We often dismiss supermini top trim levels as superfluous but the promise of plentiful kit and a splash of Alcantara might be just what the style doctor ordered

As both are eminently well-judged, they are to the car’s considerable benefit. Nothing that you come into contact with on a daily basis is poorly positioned or badly made, just as nothing you need to make immediate sense of is crude or illegible.

The incidentals are astutely handled, too: there is a large cubby for your phone, with easily accessible charging ports; there are reasonably spacious door bins; and there are two accessible if inevitably closely packed cupholders.

Almost as important, the aesthetic specific to Seat is also generally pleasing. Where the previous Ibiza felt a wee bit unbaked, both in look and feel, its replacement has ripened into a much more mature appearance.

Inevitably, this doesn’t preclude the use of cheap plastic – a commodity that the previous model had in abundance – but its deployment is cunningly concealed with either the appearance of soft-touch cladding or the clever use of matt (but not dull) finishes.

It helps, of course, that in SE Technology trim there is in the middle of it all a substantial and expensive-looking touchscreen, which tends to steal the focus from its cost-effective surround.

Seat’s Media System Plus is a recognisable evolution of the modular infotainment technology that the VW Group bundles with the MQB platform. The larger 8.0in touchscreen accounts for the ‘Technology’ in the SE Technology trim level. Lesser variants are equipped with a 5.0in touchscreen.

The upgraded kit comes with the same largely excellent sat nav system that features elsewhere in the group. The system itself, familiar from the Seat Ateca, has mostly dispensed with physical buttons, although (gratifyingly) the knobs for volume and selection remain, as do function shortcuts.

Less persuasively, Seat persists with casting sub-menu options to the four corners of the screen. It remains difficult to operate.

Otherwise, the set-up is good. Our test car came with the option of a 300W BeatsAudio stereo system, which adds a subwoofer and uprated speakers.

In the back, the car’s shrewd packaging continues. Liberating more space for rear passengers was obviously one of Seat’s primary targets and it has been confidently achieved.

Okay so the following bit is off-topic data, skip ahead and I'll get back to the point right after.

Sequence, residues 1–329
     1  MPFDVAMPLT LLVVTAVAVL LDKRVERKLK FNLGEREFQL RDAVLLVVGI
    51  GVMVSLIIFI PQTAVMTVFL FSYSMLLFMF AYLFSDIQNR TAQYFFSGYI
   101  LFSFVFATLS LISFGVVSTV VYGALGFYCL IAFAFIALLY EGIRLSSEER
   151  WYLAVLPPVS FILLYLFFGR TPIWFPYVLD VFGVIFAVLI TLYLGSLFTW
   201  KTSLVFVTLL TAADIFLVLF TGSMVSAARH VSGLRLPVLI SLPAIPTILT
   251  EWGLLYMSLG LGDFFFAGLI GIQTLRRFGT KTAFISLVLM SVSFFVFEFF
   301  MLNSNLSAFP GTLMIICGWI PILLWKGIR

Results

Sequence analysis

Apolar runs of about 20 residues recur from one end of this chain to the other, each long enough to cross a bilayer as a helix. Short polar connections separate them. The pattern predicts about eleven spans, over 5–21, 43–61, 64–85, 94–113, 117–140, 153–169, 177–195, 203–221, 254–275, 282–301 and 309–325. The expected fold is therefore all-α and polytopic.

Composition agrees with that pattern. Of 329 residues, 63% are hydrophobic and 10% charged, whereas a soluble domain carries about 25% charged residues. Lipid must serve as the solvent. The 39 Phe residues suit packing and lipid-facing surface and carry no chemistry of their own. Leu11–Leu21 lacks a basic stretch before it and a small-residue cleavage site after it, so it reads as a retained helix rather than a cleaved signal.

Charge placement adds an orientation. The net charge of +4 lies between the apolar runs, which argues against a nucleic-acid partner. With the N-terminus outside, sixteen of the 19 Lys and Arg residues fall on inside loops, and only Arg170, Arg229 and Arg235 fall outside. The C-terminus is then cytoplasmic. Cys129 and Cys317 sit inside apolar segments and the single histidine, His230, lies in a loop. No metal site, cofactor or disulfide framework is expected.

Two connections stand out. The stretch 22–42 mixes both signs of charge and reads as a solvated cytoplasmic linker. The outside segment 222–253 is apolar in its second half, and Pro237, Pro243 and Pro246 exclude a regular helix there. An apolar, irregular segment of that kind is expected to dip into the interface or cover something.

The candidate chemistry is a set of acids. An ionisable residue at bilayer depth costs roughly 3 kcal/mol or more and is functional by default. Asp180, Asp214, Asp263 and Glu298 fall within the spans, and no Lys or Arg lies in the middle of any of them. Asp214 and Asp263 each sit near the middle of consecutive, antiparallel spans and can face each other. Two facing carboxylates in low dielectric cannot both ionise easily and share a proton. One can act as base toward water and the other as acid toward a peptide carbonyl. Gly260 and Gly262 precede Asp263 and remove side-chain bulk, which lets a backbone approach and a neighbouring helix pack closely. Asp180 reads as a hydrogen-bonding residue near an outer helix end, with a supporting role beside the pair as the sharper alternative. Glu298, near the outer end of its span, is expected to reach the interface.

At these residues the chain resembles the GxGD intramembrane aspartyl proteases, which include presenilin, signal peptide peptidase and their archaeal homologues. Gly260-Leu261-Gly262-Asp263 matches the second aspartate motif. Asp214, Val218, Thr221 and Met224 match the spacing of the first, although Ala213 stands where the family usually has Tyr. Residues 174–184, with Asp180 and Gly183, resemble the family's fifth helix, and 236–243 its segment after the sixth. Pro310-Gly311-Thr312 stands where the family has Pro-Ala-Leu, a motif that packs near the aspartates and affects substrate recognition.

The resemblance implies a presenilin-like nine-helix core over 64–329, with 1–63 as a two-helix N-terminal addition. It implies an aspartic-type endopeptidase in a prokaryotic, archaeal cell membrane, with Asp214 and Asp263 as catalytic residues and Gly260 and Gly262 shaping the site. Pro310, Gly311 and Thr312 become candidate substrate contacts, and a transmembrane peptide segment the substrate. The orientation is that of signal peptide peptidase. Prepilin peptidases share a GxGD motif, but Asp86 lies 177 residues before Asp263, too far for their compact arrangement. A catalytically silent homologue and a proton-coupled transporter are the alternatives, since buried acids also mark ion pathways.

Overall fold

The abundance of head room marks it apart from a number of big-name rivals and means that most adults will find themselves adequately accommodated for moderate journeys. Small children – much more frequent occupants of supermini pews – ought to have no cause for (legitimate) complaint.

The boot, for all the worthiness of its own 63-litre expansion, remains a predictable prospect in that there is a prodigious lip to navigate, a low floor to get stuff down onto and no flat load space to enjoy when you collapse the seats. But at 355 litres, it is impressive for the segment and decent enough to be thought of as the thin icing on a convincing cake.  

As for trim levels, there are six to choose from - S, SE, SE Technology, SE Design, FR and Xcellence. Entry-level cars get 15in steel wheels, height adjustable driver's seat, Bluetooth connectivity and hill hold control as standard, along with a monochrome 5.0in infotainment system. Upgrade to SE and you'll find 15in alloys, leather clad steering wheel and gear lever, and a colour infotainment system.

SE Technology cars get ambient interior lighting and Seat's 8.0in touchscreen infotainment system, complete with sat nav and a CD player, while SE Design models receive 16in alloy wheels, tinted rear windows, chrome exterior trim, a panoramic sunroof and a 300W Beats Audio system.

Sporty FR trimmed models add smartphone integration, 17in alloy wheels, gloss black exterior trim, a twin exhaust system, sports seats and suspension, DAB radio, cruise control and a Seat's driving mode controller. The range-topping Xcellence Ibizas get more convenience from the inclusion of rear parking sensors, dual-zone climate control, keyless entry and ignition, and a rear view camera.


Seat Ibiza side profile

Esteem has been accumulating fast for the turbocharged versions of the VW Group’s parsimonious three-pot petrol engines.

The 89bhp format turned the buttoned-down Volkswagen Up into a quasi-hoot and the 113bhp variant had a great deal to do with the Ibiza FR toppling the new Fiesta a few weeks ago in our group test.

Stability bias is obvious in the shallower corners but it still feels very capably balanced if you come off the throttle at the critical moment

The 94bhp tested here isn’t perhaps quite as compelling as in those two showings, yet its virtues are palpably many. Prime among them is not so much the respectable peak output, but rather the 129lb ft conjured up at the opposite end of the rev counter.

The twist isn’t merely amenable or likeable – although plainly it is both – but crucial. Without its placid, perceptible swell at low crank speeds, the engine’s usability would be utterly overwhelmed by the incredibly long-winded ratios of the five-speed manual gearbox.

As it is, second gear is easily game for the national limit and third almost cracks 100mph – spacing that would traditionally have had such a small-capacity unit dithering.

But thanks to the turbocharger’s endeavour and the low kerb weight, the Ibiza is unimpeachably linear, taking practically the same time to get from 30mph to 50mph in fourth as from 50mph to 70mph, for example.